Not only is payroll to be considered with regards to the law, you must also consider how payments would be made to each employee spread across states. 

  • Would you send them cheques or would you make electronic money transfers? Would the same apply to an independent worker?
  • Which day of the month would you declare as payday?

These are just a few questions you must have answered before bringing in a remote workforce.

3. Maintain a safety standard

A remote work policy means that employees will not be physically present in your office every day or maybe ever.

But should that stop you from providing them with a safe environment to work in?

Firms should comply with health and safety rules at all times and minimize workplace hazards wherever possible. With a remote team, this would mean arranging safety training remotely and settling for an employee support system for them to report illnesses or injuries due to job duties. 

4. Protect your data

Monitoring Employees

A remote work agreement naturally results in limited supervision on what employees do during work hours.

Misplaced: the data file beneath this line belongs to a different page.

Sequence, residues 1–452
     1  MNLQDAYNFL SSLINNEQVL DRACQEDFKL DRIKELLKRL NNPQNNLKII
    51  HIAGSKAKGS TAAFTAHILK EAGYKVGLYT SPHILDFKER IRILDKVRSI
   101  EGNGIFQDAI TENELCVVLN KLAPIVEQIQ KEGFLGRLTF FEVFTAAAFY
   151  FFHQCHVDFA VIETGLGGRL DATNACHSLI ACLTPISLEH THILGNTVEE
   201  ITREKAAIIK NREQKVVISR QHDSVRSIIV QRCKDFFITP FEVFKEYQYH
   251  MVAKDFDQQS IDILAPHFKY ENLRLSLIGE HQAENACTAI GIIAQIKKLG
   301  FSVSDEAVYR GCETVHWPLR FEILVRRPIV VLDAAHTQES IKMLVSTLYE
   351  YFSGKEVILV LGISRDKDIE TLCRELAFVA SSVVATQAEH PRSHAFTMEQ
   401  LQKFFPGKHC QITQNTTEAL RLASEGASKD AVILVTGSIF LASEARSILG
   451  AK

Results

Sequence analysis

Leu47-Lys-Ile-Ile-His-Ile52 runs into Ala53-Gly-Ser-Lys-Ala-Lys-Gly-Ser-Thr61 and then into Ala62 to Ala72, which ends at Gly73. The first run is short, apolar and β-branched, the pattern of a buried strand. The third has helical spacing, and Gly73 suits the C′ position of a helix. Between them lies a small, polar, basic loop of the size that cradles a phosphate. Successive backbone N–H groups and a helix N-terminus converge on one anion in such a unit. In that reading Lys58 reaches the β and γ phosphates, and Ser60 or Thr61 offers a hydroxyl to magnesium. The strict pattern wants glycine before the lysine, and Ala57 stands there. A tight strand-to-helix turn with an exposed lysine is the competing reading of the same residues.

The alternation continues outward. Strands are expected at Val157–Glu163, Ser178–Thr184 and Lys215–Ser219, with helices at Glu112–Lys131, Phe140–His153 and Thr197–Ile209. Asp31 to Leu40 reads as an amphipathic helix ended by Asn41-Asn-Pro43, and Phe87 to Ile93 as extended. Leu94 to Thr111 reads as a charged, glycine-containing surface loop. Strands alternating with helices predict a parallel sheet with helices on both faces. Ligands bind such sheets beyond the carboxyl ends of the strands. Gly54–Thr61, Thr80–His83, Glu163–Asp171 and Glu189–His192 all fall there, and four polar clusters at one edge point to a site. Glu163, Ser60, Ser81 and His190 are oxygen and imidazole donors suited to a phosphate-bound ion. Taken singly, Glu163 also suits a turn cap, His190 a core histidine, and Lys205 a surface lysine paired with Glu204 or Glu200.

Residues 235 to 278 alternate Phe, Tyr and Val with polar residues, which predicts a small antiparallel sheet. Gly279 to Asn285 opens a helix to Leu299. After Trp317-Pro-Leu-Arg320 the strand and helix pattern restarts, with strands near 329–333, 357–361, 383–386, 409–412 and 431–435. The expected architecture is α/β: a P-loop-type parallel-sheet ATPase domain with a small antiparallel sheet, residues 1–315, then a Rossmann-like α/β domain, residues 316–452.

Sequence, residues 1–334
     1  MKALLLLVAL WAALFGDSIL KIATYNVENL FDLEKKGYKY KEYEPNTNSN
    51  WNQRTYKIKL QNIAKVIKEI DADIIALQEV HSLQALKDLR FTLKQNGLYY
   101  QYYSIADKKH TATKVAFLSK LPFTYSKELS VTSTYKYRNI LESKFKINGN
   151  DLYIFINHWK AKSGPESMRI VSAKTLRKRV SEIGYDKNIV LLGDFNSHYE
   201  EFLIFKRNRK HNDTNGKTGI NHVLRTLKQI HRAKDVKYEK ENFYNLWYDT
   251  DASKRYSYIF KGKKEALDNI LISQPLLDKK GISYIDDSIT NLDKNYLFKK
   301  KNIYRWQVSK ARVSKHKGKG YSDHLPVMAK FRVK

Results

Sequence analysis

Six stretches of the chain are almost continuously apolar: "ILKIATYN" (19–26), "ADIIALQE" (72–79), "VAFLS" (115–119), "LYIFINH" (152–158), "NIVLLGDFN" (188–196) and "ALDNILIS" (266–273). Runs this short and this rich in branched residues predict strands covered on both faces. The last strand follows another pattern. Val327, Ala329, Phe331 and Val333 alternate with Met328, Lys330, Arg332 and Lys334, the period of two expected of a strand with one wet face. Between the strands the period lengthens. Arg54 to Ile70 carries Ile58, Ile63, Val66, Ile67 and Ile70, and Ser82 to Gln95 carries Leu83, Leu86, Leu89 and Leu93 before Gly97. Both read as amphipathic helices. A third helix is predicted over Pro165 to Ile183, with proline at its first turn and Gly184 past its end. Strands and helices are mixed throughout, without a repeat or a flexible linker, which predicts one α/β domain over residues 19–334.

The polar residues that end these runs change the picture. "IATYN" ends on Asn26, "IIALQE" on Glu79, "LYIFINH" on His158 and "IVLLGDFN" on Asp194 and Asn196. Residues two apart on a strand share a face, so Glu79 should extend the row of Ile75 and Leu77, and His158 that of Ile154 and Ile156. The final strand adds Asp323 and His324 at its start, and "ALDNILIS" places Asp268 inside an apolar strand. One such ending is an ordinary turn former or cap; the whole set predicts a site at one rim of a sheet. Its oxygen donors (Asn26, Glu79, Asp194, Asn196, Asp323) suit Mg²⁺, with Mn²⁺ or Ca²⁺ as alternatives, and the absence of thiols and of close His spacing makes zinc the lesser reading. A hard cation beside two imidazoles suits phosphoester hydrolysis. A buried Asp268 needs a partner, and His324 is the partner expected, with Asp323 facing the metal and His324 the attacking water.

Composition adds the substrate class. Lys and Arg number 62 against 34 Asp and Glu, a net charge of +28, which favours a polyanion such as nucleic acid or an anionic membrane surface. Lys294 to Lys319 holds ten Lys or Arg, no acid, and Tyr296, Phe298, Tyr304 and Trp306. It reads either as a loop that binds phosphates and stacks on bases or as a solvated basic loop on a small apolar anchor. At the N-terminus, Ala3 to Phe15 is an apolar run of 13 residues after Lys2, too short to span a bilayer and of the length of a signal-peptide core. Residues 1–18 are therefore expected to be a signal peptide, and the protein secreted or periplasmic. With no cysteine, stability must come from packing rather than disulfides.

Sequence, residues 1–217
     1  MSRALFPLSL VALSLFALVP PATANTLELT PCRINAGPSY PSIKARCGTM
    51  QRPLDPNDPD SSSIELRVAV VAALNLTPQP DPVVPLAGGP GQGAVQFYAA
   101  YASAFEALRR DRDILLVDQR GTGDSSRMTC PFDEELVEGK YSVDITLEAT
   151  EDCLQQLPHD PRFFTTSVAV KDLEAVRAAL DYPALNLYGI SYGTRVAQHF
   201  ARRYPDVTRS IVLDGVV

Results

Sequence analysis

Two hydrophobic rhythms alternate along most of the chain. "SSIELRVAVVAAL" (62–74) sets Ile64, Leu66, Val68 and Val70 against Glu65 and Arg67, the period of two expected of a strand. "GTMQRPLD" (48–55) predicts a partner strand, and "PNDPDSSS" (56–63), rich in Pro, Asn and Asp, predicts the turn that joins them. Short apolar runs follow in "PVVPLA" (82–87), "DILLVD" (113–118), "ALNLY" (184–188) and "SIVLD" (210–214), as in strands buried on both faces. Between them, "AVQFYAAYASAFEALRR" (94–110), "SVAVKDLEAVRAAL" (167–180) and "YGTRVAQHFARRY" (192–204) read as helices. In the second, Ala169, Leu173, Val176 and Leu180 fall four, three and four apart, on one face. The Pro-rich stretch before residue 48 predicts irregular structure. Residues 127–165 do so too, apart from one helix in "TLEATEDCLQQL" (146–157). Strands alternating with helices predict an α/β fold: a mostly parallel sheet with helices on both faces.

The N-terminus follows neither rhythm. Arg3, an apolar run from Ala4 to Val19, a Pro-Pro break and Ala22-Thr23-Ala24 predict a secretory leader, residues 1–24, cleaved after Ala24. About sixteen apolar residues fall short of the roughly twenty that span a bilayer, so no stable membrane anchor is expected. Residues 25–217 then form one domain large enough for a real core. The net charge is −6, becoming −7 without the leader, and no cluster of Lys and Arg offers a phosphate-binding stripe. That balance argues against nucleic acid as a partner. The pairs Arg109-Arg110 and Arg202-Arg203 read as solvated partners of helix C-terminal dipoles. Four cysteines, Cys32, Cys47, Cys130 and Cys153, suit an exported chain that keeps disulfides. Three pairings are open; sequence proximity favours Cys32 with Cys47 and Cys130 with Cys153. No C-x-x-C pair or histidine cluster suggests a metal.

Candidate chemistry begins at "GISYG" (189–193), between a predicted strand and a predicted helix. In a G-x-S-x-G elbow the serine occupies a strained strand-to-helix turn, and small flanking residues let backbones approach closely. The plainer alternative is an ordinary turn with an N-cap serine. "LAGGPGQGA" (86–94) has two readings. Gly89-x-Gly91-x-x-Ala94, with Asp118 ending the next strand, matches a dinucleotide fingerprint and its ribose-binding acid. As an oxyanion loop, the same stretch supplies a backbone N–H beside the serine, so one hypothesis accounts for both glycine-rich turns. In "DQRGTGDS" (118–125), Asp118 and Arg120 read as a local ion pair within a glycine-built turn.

Can you be sure that employees are not misusing the firm’s data? Not entirely.

Secure your company’s confidential information by establishing a process for your employees to follow. 

You could establish an employee monitoring policy that helps you keep a check on the websites, applications, and tools being used by your remote workforce. You could also have every team member work on a protected network after installing credible anti-virus software.

Hiring remote employees in a foreign country

Dealing with labor law compliance issues for employees who telework within the US is fairly manageable. You would just have to toggle between the federal and applicable state labor laws.

The real complexity comes along when the remote worker is located in a foreign country. The applicable law would be that of the country where the employee performs the job duties.

Here are some aspects that you should consider when hiring remote human resources in another country:

  • What would be the tax implications?
  • Does being subject to foreign law bring about any risks to my firm?
  • Would my company need to have a registered entity in the foreign country?

The firm must consider a long list of such factors before agreeing to a remote work arrangement. 

Wrap up

It’s extremely important for firms to invest time and money in a remote team’s labor law compliance. You need an adept team to handle legal matters relating to tax, insurance, or wage issues. 

Employers should consider appointing HR professionals and legal counsels to take care of the labor law compliance issues that may arise at any time. 

Use the above tips and clarifications to optimize your labor law compliance process with ease. Once you get the labor laws for remote employees right, you won’t have to worry about any legal issues down the line.